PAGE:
The Chiefs would end their extended dry spell of postseason success with a thrashing of the Houston Texans in the Wild Card round only to fall the next week to the New England Patriots. The biggest concern perhaps stems from the issues this organization has had healing ACL injuries. Justin Houston sat out the second half of the season only attempt to play in the playoffs. Further testing showed Houston had a damaged (non functioning) ACL. Gaines suffered an ACL tear in the thrashing the Chiefs took in the Monday night game against the Packers. Both players have had issues returning from injury, and both may miss the 2016 playoffs due to issues arising from those injuries.
With the season still going on, it’s difficult to fully evaluate the season and decisions as they go on, save for a couple moves that simply can’t be over stated.
We’ll start with this offseason, with the signing of right tackle Mitchell Schwartz from the Cleveland Browns. Schwartz, perhaps one of the best right tackles in football, has been a true find for the Chiefs, and has been a really solid addition. Rare in that Schwartz is a pass block first right tackle, Mitchell has really helped solidify the edge of the Chiefs right side. Is he a power blocking tackle? No. But here’s a secret about the Chiefs offensive line. They are not scouted or drafted to be power run blockers.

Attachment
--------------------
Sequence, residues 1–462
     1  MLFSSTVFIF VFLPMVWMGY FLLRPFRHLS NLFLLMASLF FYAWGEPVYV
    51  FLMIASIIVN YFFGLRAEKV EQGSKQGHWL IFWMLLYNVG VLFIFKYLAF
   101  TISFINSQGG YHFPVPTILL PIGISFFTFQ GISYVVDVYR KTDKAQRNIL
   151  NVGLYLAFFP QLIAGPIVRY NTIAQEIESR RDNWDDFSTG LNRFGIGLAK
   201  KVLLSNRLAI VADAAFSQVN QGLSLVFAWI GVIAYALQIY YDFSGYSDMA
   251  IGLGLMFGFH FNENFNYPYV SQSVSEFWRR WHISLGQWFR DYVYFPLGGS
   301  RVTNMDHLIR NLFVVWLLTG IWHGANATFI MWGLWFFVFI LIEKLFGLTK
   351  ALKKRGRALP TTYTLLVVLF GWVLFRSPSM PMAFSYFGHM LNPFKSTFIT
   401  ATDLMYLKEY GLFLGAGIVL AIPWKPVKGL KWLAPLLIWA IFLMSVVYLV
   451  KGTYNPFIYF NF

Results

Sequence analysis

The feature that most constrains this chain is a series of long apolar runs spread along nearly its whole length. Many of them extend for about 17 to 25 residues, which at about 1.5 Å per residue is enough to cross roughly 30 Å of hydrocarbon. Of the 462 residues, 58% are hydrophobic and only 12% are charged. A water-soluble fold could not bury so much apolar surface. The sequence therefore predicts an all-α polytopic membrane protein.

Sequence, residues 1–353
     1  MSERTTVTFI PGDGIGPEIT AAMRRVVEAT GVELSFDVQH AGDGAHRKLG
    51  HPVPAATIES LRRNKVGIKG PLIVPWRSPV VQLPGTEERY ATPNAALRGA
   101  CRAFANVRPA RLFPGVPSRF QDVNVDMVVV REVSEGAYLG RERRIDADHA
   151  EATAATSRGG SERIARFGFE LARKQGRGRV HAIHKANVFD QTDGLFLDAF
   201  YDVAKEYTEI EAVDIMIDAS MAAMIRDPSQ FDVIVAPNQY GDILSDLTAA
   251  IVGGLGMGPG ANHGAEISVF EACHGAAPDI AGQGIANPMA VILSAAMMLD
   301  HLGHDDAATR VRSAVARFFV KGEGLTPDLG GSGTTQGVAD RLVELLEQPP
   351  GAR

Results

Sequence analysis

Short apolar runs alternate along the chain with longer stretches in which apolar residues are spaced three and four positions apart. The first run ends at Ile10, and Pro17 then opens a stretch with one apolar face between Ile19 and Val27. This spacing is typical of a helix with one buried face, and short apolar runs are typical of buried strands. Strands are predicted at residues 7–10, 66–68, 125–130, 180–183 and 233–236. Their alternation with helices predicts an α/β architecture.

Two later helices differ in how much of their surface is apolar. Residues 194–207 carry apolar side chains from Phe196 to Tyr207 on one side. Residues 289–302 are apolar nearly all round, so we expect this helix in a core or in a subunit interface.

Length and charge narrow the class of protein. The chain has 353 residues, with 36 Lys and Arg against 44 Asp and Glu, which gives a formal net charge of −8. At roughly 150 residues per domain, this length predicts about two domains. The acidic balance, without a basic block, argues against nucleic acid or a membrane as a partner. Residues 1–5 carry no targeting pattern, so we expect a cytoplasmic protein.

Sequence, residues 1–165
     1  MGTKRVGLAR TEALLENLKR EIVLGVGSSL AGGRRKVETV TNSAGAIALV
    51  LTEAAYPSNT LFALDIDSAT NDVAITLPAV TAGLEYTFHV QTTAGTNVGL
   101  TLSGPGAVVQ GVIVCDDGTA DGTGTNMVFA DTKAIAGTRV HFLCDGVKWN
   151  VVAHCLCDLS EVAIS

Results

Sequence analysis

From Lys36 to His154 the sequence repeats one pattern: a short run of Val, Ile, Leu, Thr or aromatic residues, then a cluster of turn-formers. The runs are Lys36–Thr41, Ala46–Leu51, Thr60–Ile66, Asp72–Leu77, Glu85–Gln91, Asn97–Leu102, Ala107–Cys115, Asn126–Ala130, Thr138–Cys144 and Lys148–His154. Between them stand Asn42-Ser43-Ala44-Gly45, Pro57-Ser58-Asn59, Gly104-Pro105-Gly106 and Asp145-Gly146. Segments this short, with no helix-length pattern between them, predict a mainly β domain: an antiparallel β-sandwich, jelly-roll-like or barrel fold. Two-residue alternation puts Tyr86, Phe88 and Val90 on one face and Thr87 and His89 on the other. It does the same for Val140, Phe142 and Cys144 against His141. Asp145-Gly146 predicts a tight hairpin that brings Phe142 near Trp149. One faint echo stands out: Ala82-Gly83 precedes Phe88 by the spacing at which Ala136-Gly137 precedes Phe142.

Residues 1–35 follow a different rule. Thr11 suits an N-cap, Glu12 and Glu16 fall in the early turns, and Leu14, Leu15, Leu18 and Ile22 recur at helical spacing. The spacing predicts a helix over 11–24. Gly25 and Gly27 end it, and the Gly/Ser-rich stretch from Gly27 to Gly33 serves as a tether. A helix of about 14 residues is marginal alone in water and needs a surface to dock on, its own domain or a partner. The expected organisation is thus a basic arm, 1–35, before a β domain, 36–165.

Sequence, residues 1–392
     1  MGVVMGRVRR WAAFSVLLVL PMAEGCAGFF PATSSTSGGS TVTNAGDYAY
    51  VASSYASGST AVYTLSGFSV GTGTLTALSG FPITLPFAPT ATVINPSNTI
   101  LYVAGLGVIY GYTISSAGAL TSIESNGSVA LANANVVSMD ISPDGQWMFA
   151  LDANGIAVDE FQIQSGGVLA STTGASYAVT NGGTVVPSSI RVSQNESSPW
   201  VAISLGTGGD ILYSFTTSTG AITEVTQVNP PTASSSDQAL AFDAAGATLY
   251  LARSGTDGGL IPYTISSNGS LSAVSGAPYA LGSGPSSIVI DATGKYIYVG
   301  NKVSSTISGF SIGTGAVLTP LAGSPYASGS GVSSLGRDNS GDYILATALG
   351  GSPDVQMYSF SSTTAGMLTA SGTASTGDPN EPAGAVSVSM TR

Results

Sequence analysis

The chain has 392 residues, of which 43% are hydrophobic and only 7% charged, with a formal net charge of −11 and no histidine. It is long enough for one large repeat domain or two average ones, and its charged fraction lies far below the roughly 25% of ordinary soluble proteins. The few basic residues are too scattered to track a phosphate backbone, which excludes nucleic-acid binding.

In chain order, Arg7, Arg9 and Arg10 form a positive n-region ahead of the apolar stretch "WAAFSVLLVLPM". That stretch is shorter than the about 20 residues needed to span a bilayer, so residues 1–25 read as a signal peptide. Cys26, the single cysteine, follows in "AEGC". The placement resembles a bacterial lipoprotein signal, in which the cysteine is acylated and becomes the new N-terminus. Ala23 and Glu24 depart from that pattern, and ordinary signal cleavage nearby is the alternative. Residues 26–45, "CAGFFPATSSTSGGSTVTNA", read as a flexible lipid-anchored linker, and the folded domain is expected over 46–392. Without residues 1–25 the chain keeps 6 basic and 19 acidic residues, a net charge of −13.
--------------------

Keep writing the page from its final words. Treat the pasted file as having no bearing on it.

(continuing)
The offensive line is put together with the explicit intent of being mobile, prioritizing movement and athleticism over pure power. It’s not an accident this team runs a bunch of screens, counter runs and off tackle plays.
Nick Foles was a solid signing for the backup quarterback spot, and could create a small amount of drama depending on what the Chiefs are looking to do at quarterback going forward. Is Foles a great, elite starter? No. But this team could do a lot worse at the backup position (They almost did, came this close to having Tyler Bray as their backup)